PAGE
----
Gut health is a complicated topic, and the conversation around it touches on everything from bloating to mental health disorders. But without getting caught up in complexities, there are some basic things about gut health everyone should know.
For one, it’s important to understand what gut health even is. Gut health has little to do with the size of your stomach; it’s actually about what’s going on beneath the surface, in your digestive tract. The healthier your digestive tract, the smoother your digestion — and your ability to properly digest your food is of critical importance. Digestion is where most of your nutrient absorption takes place. It’s also where your brain receives some signals regarding your hunger and fullness. When things in your gut are out of balance, the rest of your body’s systems may also be affected.
“There are up to 500 types of bacteria in the gut,” says Katherine Brooking, a registered dietitian and co-creator of AppforHealth.com. “They comprise our microbiome." You might have heard references to “good” and “bad” gut bacteria. Your gut contains a balance of both "good" and "bad" bacteria. "Good" bacteria is thought to aid with digestion and improve overall health, while "bad" bacteria may have the opposite effect.
"Research suggests the gut bacteria in healthy people are different from those with certain diseases,” Brooking says. Here are some of the health impacts of these bacteria, followed by some foods that may help improve your overall gut health.
When you aren’t taking proper care of your digestive tract, certain symptoms are likely. “If you have a healthy gut, you’re less likely to experience bloating, upset stomach, diarrhea, constipation and other gastrointestinal ailments,” says Brooking. When these ailments strike, there are ways to help combat them, such as drinking water or eating foods with fiber.
If you don’t have a healthy digestive system, you’re going to feel some digestive discomfort. But that’s not the only concern to keep in mind when thinking about your gut health. “Scientists believe that gut bacteria and gut health are closely linked to overall health and the likelihood of getting conditions like diabetes, depression and colon cancer,” says Brooking. “It’s thought some kinds of bacteria may protect against ailments, while others may raise the risk.” In the long term, taking care of your digestive tract can help you to avoid disease.
Typically, when you think of foods that are good for your gut, probiotics are one of the things that come to mind. Simply put, probiotics are “good” bacteria that exist in your gut naturally that help keep your digestive tract healthy. Prebiotics, meanwhile, are a class of nutrients that feed the good bacteria in the gut and help them to thrive.
You can actually ingest probiotics and prebiotics, which may help maintain a healthier gut microbiota. “Ingesting probiotics can help balance your ‘good’ and ‘bad’ bacteria to keep your body working the way it should,” Brooking says. Some people increase their intake of probiotics by taking a pill. There is some research that shows these pills can be beneficial and some research that isn’t as definitive. Other people try to get their probiotics through incorporating probiotic-rich foods into their diets. These foods, along with other gut-healthy foods, tend to be nutritious, as well. So eating more of these foods doesn’t really have much of a downside. Here are a few of the best foods for your gut.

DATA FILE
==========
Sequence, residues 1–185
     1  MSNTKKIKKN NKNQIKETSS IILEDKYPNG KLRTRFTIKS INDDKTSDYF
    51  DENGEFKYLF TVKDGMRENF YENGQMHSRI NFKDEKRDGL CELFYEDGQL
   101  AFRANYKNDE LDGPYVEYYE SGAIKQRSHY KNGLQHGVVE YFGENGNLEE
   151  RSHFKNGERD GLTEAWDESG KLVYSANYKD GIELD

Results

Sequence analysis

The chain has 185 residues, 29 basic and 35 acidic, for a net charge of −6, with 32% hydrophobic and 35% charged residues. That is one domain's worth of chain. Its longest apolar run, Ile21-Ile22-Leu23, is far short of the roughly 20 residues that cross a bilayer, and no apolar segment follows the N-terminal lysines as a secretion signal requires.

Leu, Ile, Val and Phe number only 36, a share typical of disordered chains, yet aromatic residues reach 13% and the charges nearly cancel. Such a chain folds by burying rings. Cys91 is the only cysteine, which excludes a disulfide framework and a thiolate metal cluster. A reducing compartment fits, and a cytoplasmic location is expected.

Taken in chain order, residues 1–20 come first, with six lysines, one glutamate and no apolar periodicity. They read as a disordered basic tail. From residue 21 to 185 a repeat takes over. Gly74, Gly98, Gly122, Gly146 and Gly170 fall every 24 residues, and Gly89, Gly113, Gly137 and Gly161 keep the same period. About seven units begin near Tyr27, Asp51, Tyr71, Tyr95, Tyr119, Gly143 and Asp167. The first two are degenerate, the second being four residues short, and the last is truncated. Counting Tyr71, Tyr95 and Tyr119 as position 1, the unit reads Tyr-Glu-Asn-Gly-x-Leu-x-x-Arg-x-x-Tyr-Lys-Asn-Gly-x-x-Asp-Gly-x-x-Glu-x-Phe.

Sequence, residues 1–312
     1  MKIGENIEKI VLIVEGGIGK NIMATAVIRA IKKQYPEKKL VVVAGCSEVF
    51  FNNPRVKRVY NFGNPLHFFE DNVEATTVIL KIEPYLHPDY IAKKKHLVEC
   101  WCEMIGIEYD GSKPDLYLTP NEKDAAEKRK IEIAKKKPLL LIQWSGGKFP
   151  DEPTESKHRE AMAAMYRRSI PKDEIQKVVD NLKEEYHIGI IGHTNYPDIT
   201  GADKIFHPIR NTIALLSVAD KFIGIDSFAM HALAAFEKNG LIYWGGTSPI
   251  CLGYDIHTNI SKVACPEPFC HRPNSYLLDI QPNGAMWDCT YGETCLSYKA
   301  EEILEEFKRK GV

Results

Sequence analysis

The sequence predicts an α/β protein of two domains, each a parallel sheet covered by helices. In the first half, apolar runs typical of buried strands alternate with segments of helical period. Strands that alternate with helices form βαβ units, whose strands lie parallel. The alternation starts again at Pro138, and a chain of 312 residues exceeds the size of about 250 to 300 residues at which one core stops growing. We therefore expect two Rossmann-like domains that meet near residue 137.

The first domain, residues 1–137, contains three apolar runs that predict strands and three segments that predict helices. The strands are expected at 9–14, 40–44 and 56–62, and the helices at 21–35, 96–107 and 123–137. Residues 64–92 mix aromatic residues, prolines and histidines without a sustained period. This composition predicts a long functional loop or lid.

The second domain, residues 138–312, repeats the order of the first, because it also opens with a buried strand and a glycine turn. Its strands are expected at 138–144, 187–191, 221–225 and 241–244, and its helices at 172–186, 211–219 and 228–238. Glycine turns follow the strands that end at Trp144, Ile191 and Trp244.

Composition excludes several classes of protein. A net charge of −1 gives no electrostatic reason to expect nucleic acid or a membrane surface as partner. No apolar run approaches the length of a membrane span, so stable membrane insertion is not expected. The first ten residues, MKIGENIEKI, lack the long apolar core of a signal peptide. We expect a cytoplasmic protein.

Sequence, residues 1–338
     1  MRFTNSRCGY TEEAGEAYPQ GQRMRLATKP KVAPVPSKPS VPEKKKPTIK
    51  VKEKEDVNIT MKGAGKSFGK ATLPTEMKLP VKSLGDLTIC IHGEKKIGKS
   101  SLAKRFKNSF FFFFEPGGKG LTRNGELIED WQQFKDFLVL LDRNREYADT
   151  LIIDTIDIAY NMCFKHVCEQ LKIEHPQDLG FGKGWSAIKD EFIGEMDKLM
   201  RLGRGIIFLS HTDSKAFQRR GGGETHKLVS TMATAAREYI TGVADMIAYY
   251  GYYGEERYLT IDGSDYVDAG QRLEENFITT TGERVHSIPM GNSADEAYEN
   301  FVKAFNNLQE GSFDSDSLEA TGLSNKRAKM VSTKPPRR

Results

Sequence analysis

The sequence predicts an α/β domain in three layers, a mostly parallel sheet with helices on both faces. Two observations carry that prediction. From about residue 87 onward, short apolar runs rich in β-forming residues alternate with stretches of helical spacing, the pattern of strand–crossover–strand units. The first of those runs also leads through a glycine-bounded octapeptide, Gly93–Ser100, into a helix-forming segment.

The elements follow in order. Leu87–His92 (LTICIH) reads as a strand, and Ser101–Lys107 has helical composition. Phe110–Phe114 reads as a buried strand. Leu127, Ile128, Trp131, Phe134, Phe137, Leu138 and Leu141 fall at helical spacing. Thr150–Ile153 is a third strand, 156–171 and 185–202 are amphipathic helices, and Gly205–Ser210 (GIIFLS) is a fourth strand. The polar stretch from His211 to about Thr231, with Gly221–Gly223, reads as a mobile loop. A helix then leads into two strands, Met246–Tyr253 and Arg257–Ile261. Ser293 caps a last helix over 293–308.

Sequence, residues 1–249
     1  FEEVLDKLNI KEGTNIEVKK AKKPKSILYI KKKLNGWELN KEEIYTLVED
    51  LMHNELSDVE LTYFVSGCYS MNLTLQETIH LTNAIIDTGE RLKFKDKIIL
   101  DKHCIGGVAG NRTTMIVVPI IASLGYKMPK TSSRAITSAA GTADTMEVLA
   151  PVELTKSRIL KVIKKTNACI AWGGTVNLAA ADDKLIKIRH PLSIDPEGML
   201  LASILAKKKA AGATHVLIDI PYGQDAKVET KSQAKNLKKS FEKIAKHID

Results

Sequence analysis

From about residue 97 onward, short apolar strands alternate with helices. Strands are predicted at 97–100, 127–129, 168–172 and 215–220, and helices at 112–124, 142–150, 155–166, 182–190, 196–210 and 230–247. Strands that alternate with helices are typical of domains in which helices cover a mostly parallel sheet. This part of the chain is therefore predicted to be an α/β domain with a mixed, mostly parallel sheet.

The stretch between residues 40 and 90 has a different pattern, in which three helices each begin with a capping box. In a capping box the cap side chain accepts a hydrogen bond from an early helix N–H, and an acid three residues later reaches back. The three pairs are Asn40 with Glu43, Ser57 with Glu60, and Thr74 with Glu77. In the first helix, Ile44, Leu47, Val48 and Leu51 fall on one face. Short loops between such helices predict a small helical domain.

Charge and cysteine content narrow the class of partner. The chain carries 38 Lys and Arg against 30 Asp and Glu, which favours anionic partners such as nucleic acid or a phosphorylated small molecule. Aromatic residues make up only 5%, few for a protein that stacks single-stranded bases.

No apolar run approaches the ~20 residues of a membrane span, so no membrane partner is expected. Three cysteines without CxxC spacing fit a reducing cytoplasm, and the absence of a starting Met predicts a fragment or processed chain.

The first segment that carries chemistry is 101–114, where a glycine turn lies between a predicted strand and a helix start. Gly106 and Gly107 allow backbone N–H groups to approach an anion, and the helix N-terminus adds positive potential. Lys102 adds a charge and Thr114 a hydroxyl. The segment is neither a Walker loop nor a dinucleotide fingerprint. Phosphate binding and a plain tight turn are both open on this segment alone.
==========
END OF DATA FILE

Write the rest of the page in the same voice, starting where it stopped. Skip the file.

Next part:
It’s a good idea to add this spring vegetable to your dinner table. There are lots of great ways to cook asparagus, and it’s rich with gut-healthy prebiotics. Asparagus is particularly notable for its high levels of the prebiotic fiber inulin.
Sweet! Eating dark chocolate is actually great for your gut bacteria, since it contains both probiotics and prebiotics. But that’s not all dark chocolate can do — here are some other health benefits you might not know about.
Garlic is more than just an ingredient to add flavor to your food. It has lots of health benefits, including the beneficial effect of prebiotics. The more prebiotics you eat, the more you allow your naturally occurring healthy gut bacteria to thrive.
Sauerkraut is surprisingly rich in nutrients, with vitamins such as vitamins B6, C, and K and minerals such as iron and manganese. But in addition to those benefits, sauerkraut has probiotics due to the fact that it is a fermented food. Not only do these probiotics help improve your gut health in general, but they also help your digestive system to absorb more of these key nutrients from your food.
Whole grains such as brown rice, quinoa and whole-wheat bread are filled with fiber. Fiber is essential for a healthy digestive system. All the fiber in these foods is one of the many reasons eating carbs is actually good for you. And if you cut out carbs completely, your digestive system could suffer the consequences.
Since yogurt is a fermented food, it contains lots of probiotics that can help increase the amount of good bacteria in your gut. Greek yogurt has more protein than some other types, so it is generally regarded as healthier. But almost all yogurts have this gut-healthy benefit.
Really all nutrient-rich foods are good for your gut, in a sense. Maintaining a balanced, nutritious diet is important for keeping your digestion running smoothly. There’s no one gut-healthy food that’s the end-all, be-all of gut health! You can eat all the kimchi you want, but if the rest of your diet is lacking, you probably won’t feel your best. The idea that quick-fix diet “secrets” can improve your health is one of the nutrition myths you should stop believing.
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